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Sitges Autodrome, Spain | COLUMNS | GASSIT GARAGE

In the farming hills overlooking the popular seaside town of Sitges, with its yacht club and marina full of expensive boats, sits an immense kidney-shaped bowl with banked high-speed corners at each end. Today hemmed in by the motorway to Barcelona and the suburbs of Sitges itself, this long-abandoned structure is the Autodromo Nacional Sitges-Terramar. It was Spain’s first purpose-built circuit and only the second such in Europe, just months behind Monza which opened in 1922.

Both Monza and the Brooklands track in England – the first purpose-built motor racing track in the world, which opened in 1907 – featured huge banked corners. Brooklands used formed concrete while the bankings at Monza were a macadamised surface over a timber substructure. These two tracks also had a network of other roadways so that different variations of circuits could be used. In the case of Sitges-Terramar, the entire track was constructed from concrete.

The sheer size of the place is breathtaking. And when you consider that it was constructed in just 300 days beginning in 1922, at a cost of 4 million Pesatas (approximately $450,000 at the time), the feat becomes even more extraordinary. The two-kilometre banked oval consumed 3500 tonnes of cement in its construction.

It was the brainchild of millionaire civil engineer and amateur racing driver Frick Armangue, who raised the capital to build the track with the aim of it becoming Europe’s motor racing centre. He enlisted architect Jaume Mestres to design the track and engaged a leading construction company to undertake the building work.

Armangue insisted on the top specification for the concrete and the substructure, which included a comprehensive drainage system, all of which added considerably to the cost, but provided a surface that has basically withstood crumbling and cracking for almost a century. In marked contrast to Sitges-Terramar, Brooklands’ concrete surface began sinking and cracking within months of being laid, and required constant and expensive maintenance.

At each end are steep bankings that rise at up to 60 degrees – almost twice as steep as NASCAR ovals, the steepest of which is 36 degrees. It is virtually impossible to scale more than halfway up the bankings on foot, and only centrifugal force keeps vehicles in place on the upper extremes. At one end the circuit is cut into the rock hillside – a massive excavation job – meaning the inside edge of the track is a rugged and unforgiving stone wall. This corner is a parabolic shape, while the opposite banking is entirely above ground and is a perfect half circle. Originally the infield hosted an airstrip, just like the similarly conceived Brooklands, and this saw vigorous use for the inaugural race meeting.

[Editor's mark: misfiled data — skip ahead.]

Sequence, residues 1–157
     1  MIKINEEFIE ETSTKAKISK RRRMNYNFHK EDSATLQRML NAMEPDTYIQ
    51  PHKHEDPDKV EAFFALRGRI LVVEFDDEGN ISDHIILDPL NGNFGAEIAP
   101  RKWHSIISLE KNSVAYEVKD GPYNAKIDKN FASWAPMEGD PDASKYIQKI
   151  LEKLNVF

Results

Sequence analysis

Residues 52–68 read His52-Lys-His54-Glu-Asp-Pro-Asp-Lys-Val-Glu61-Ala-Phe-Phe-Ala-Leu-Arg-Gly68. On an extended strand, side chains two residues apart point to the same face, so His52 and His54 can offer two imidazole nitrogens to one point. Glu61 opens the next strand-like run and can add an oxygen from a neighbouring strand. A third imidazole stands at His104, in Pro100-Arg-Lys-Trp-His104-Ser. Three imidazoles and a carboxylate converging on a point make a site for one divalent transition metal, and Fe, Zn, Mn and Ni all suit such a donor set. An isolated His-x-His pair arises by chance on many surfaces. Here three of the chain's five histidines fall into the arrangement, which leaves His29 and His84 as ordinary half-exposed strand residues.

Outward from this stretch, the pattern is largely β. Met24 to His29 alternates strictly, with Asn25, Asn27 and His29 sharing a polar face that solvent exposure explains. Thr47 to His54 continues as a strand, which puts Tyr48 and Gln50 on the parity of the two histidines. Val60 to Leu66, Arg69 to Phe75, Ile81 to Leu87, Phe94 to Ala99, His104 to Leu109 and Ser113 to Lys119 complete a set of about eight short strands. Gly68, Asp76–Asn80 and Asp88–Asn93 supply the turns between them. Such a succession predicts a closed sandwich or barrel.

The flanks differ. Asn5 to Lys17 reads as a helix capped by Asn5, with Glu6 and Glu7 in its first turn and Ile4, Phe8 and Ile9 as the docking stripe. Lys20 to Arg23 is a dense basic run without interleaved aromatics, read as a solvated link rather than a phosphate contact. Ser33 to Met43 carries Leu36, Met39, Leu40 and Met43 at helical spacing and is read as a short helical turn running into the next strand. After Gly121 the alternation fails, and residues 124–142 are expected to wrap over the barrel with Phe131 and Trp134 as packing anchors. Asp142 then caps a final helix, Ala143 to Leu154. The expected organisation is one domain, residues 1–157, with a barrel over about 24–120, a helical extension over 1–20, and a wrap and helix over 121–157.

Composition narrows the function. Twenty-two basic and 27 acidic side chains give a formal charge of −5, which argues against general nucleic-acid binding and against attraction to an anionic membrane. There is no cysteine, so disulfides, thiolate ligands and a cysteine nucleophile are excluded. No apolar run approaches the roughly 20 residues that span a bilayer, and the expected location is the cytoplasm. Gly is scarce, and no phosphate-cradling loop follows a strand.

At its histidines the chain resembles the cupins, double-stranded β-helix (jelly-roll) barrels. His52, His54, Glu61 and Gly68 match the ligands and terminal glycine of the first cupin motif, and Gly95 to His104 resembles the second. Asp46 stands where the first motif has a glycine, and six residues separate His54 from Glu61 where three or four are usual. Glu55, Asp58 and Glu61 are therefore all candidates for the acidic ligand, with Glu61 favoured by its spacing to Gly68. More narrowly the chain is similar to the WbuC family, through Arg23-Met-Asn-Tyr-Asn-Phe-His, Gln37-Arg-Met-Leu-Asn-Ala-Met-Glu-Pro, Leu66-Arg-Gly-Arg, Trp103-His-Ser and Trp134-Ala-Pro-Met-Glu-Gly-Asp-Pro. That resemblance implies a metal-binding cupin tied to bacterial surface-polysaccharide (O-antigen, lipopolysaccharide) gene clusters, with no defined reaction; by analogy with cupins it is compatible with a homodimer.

Sitges opened for business on 28 October, 1923 with the ceremony performed by no less a dignitary than the King of Spain, Alfonso XIII. The first Gran Premio d’Espana was open to vehicles with engines of up to two litres capacity, and attracted an entry of just seven cars, but was watched by an enormous crowd. The main grandstand was packed with elegantly dressed ladies and men in suits. The race was won by Frenchman Albert Divo driving a British Sunbeam by just 56 seconds from the flamboyant Count Louis Zborowski in a Miller after two and a half hours’ racing.

The winner averaged an incredible 156km/h, but almost immediately the event was mired in controversy when the organisers admitted they were unable to stump up with the published prize money. The problem was that the circuit’s construction costs had skyrocketed, and unpaid contractors seized the gate takings before the promoter could get his hands on them. Competitors were naturally outraged and tempers flared in the pits after the racing had concluded. As a result, the international motor racing authority slapped a ban on the track until the prize money was paid, which it never was.

In 1925 the circuit was leased from Armangue by the Catalunya Automobile Club which conducted a handful of minor meetings before walking away. In 1930 the entire site was bought by racing driver Edgard de Morawitz, who managed to reopen the circuit after several years’ work. De Morawitz actually conducted the 1932 Spanish Motorcycle Championships at the track with racing held in a clockwise direction, opposite to the cars, but no other major meetings took place under his stewardship.